Why The Federal Reserve's New Approach To Inflation Makes Sense

Last week, Federal Reserve Chairman Jerome Powell said the Fed will be making a subtle shift in the approach to its 2% inflation target.

On Monday, Mizuho chief economist Steve Ricchiuto said the shift in Fed mindset may be more important than investors realize in the long-term — and it should be good news for the SPDR S&P 500 ETF Trust SPY.

Ricchiuto said his initial reaction to Powell’s comments was that it has taken the Fed a long time to recognize an important shift in the U.S. economy.

“Makers of monetary policy had finally recognized the fundamental shift in the economy from excess demand to excess supply that had been slowly taking place since Ronald Reagan introduced his supply-side tax cuts back in August 1981,” the economist said Monday.

Excess Supply Vs. Excess Demand: Since the 1980s, Ricchiuto said the Fed has been operating under the assumption that the biggest risk to the U.S. economy is hyperinflation driven by undersupply.

“In a world of excess demand, the Fed’s responsibility is to take away the punch bowl before the party gets started. In a world of excess supply, the Fed’s responsibility is to take away the punch bowl only after the party gets a good buzz going — and then their greater responsibility is to take the car keys away from the guests who should not be driving home,” he wrote.

As a result of this shift, Ricchiuto said tighter labor markets, higher inflation levels and a lower dollar could become the new normal in coming years. Those economic conditions are good news for stock prices and credit spread, he said.

Benzinga’s Take: Many critics of the Federal Reserve’s aggressive COVID-19 stimulus spending in 2020 may be concerned about inflation. But the reality is that since the financial crisis in 2008, inflation levels have spent the majority of the time well below the Fed’s 2% target.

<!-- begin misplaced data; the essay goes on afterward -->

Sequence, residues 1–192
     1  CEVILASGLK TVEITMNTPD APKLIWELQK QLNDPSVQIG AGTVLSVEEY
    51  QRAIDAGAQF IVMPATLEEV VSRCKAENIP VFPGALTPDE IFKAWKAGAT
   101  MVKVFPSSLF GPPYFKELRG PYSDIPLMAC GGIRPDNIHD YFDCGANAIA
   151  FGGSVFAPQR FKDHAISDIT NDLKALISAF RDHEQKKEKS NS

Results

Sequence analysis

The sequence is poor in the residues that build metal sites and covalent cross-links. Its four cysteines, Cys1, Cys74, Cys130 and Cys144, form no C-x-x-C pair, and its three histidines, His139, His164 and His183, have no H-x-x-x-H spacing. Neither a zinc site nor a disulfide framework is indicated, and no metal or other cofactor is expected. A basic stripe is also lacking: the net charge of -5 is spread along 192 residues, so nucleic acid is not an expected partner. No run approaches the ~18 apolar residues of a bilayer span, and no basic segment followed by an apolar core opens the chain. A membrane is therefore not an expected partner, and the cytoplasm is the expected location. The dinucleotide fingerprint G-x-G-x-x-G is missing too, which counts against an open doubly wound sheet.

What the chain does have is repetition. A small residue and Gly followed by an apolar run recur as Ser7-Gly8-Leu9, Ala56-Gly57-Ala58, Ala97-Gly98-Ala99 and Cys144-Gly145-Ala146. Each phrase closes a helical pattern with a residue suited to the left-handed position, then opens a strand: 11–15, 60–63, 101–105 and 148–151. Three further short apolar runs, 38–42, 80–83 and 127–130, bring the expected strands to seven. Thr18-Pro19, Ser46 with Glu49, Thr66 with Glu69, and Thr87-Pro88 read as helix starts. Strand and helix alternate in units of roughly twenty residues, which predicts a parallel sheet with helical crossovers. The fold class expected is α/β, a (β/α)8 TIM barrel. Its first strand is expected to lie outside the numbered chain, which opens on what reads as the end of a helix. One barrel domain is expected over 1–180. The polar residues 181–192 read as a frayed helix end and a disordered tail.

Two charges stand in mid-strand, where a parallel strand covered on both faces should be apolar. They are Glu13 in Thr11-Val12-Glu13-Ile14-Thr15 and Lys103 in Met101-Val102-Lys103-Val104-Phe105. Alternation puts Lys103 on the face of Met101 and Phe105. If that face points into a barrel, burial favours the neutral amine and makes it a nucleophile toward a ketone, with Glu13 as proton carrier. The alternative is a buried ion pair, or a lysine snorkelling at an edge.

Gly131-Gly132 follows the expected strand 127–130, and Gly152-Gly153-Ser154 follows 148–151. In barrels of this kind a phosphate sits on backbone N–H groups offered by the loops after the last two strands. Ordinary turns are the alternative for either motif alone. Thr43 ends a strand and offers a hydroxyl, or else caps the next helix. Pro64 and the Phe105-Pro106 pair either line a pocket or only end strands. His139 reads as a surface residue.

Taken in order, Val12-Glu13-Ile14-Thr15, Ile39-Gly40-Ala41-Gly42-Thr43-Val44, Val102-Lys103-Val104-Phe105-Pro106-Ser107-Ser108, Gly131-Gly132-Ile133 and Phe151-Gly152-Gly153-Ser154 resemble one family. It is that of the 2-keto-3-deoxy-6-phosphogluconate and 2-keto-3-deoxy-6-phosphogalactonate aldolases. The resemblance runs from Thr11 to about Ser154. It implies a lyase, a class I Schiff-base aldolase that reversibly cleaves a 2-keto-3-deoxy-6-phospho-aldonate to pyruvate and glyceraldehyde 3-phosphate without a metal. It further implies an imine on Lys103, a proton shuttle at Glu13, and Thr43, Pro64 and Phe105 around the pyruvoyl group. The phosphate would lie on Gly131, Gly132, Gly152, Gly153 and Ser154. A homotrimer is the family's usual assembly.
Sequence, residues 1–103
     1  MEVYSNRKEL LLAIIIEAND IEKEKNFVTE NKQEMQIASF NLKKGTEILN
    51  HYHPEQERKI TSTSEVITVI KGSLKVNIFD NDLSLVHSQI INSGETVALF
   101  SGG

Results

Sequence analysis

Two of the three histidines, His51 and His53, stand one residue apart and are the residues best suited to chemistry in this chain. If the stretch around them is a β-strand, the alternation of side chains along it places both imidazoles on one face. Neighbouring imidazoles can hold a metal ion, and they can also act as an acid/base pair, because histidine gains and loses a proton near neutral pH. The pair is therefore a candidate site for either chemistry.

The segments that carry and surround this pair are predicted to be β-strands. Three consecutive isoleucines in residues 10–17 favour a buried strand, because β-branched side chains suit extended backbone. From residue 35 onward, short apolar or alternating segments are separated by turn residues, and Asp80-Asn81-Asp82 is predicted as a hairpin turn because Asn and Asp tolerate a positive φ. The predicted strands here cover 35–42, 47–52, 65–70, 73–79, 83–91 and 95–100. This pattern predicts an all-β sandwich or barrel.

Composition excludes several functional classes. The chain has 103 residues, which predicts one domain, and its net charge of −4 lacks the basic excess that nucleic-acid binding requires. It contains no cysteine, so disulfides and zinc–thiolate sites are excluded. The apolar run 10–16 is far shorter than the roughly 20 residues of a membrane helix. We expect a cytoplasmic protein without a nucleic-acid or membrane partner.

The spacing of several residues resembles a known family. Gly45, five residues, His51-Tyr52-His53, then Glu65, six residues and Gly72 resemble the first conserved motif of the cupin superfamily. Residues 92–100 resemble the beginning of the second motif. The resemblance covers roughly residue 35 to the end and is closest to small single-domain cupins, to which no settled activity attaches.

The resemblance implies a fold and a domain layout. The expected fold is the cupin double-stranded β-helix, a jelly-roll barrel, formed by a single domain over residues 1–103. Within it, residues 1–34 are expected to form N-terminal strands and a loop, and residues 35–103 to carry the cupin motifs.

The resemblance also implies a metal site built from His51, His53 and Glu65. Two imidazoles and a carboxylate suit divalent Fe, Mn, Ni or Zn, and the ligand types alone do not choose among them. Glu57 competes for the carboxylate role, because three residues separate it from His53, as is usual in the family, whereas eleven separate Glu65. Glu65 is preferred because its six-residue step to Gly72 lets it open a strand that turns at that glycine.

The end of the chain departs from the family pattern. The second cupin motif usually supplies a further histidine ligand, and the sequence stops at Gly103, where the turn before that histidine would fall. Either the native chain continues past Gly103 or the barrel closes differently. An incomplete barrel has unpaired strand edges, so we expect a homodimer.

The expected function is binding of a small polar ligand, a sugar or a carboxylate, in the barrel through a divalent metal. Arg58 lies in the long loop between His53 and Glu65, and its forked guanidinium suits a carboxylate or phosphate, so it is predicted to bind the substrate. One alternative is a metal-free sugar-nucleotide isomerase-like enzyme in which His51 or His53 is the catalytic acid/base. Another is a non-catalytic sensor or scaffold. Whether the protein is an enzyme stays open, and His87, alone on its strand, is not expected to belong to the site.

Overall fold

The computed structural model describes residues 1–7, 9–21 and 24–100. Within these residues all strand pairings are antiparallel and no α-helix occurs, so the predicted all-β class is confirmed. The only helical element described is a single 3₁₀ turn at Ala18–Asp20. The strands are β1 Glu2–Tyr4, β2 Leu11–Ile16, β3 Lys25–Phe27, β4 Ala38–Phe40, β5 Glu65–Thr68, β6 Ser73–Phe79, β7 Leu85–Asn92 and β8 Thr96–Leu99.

Related Links:

Pending Home Sales Up 5.9% In July, Ahead Of Expectations

Investors Cheer Powell's New 'Average Inflation Targeting' Policy

Posted In: InflationmizuhoSteve RicchiutoAnalyst ColorEconomicsFederal ReserveAnalyst Ratings

Ad Disclosure: The rate information is obtained by Bankrate from the listed institutions. Bankrate cannot guaranty the accuracy or availability of any rates shown above. Institutions may have different rates on their own websites than those posted on Bankrate.com. The listings that appear on this page are from companies from which this website receives compensation, which may impact how, where, and in what order products appear. This table does not include all companies or all available products.

All rates are subject to change without notice and may vary depending on location. These quotes are from banks, thrifts, and credit unions, some of whom have paid for a link to their own Web site where you can find additional information. Those with a paid link are our Advertisers. Those without a paid link are listings we obtain to improve the consumer shopping experience and are not Advertisers. To receive the Bankrate.com rate from an Advertiser, please identify yourself as a Bankrate customer. Bank and thrift deposits are insured by the Federal Deposit Insurance Corp. Credit union deposits are insured by the National Credit Union Administration.

Consumer Satisfaction: Bankrate attempts to verify the accuracy and availability of its Advertisers' terms through its quality assurance process and requires Advertisers to agree to our Terms and Conditions and to adhere to our Quality Control Program. If you believe that you have received an inaccurate quote or are otherwise not satisfied with the services provided to you by the institution you choose, please click here.

Rate collection and criteria: Click here for more information on rate collection and criteria.